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BMJ Open. 2018 Nov 27;8(11):e023870. doi: 10.1136/bmjopen-2018-023870.

Diagnostic routes and time intervals for patients with colorectal cancer in 10 international jurisdictions; findings from a cross-sectional study from the International Cancer Benchmarking Partnership (ICBP).

Author information

1
MRC Clinical Trials Unit and Instittue of Clinical Trials and Methodology, University College London, London, UK.
2
Research Unit for General Practice, Aarhus University, Aarhus, Denmark.
3
Prevention and Cancer Control, Cancer Care Ontario, Toronto, Ontario, Canada.
4
European Palliative Care Research Centre (PRC), Department of Oncology, Oslo University Hospital and Institute of Clinical Medicine, University of Oslo, Oslo, Norway.
5
Centre for Behavioral Research in Cancer, Cancer Council Victoria, Melbourne, Victoria, Australia.
6
Department of General Practice, University of Melbourne, Melbourne, Australia.
7
Centre for Population Health Sciences, University of Edinburgh, Edinburgh, UK.
8
Scottish Cancer Registry, Information Services Division, NHS National Services Scotland, Edinburgh, UK.
9
Northern Ireland Cancer Registry, Queen's University Belfast, Belfast, UK.
10
Health Services Research Program, Ontario Institute for Cancer Research, Toronto, Ontario, Canada.
11
Department of Epidemiology and Cancer Registry, Cancer Care Manitoba, Winnipeg, Manitoba, Canada.
12
Regional Cancer Center Uppsala and Department of Medical Epidemiology and Biostatics, Karolinska Institutet, Stockholm, Sweden.
13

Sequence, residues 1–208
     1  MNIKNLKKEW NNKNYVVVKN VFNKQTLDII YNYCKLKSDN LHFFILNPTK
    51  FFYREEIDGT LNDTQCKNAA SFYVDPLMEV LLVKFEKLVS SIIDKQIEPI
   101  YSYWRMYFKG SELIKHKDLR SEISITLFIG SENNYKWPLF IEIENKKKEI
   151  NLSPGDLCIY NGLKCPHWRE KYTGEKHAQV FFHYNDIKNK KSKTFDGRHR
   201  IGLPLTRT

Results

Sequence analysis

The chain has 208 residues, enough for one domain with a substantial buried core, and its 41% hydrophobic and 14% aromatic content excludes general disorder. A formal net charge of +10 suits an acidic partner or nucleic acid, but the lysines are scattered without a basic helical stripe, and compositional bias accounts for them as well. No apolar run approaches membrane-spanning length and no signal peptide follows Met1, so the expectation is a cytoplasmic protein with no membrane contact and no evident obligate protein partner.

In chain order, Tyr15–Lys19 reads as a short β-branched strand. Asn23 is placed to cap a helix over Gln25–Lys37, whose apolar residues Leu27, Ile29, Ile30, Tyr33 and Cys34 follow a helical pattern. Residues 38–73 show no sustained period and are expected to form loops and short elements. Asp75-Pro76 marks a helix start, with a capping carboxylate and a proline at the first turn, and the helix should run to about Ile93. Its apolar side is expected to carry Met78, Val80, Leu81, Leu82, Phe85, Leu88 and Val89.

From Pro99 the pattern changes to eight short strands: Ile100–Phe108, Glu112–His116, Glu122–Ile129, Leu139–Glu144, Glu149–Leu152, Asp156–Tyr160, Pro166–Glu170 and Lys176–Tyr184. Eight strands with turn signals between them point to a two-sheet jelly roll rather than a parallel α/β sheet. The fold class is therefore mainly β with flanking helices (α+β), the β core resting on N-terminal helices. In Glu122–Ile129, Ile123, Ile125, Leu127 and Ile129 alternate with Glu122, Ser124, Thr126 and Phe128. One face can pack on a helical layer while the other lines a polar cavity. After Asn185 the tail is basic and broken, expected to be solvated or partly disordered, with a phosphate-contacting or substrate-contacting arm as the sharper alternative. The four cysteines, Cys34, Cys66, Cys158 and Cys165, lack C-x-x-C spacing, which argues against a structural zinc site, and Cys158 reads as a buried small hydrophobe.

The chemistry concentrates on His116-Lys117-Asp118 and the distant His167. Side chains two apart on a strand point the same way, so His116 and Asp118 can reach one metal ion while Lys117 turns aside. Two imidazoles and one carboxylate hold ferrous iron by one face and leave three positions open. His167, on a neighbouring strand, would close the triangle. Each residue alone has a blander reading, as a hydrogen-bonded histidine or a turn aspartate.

North Wales Centre for Primary Care Research, Bangor Institute for Health and Medical Research, Bangor University, Bangor, UK.
14
Department of Oncology, Lund University Hospital, Lund, Sweden.
15
Population Oncology, Cancer Care Manitoba, Winnipeg, Canada.
16
Academic Unit of Primary Care, University of Leeds, Leeds, UK.
17
School of Psychology, Deakin University School of Psychology, Burwood, Victoria, Australia.
18
Policy and Information, Cancer Research UK, London, UK.
#
Contributed equally

Abstract

OBJECTIVE:

International differences in colorectal cancer (CRC) survival and stage at diagnosis have been reported previously. They may be linked to differences in time intervals and routes to diagnosis. The International Cancer Benchmarking Partnership Module 4 (ICBP M4) reports the first international comparison of routes to diagnosis for patients with CRC and the time intervals from symptom onset until the start of treatment. Data came from patients in 10 jurisdictions across six countries (Canada, the UK, Norway, Sweden, Denmark and Australia).

DESIGN:

Patients with CRC were identified via cancer registries. Data on symptomatic and screened patients were collected; questionnaire data from patients' primary care physicians and specialists, as well as information from treatment records or databases, supplemented patient data from the questionnaires. Routes to diagnosis and the key time intervals were described, as were between-jurisdiction differences in time intervals, using quantile regression.

PARTICIPANTS:

A total of 14 664 eligible patients with CRC diagnosed between 2013 and 2015 were identified, of which 2866 were included in the analyses.

PRIMARY AND SECONDARY OUTCOME MEASURES:

Interval lengths in days (primary), reported patient symptoms (secondary).

RESULTS:

The main route to diagnosis for patients was symptomatic presentation and the most commonly reported symptom was 'bleeding/blood in stool'. The median intervals between jurisdictions ranged from: 21 to 49 days (patient); 0 to 12 days (primary care); 27 to 76 days (diagnostic); and 77 to 168 days (total, from first symptom to treatment start). Including screen-detected cases did not significantly alter the overall results.

CONCLUSION:

ICBP M4 demonstrates important differences in time intervals between 10 jurisdictions internationally. The differences may justify efforts to reduce intervals in some jurisdictions.

KEYWORDS:

epidemiology; gastrointestinal tumours; health policy; international health services; organisation of health services

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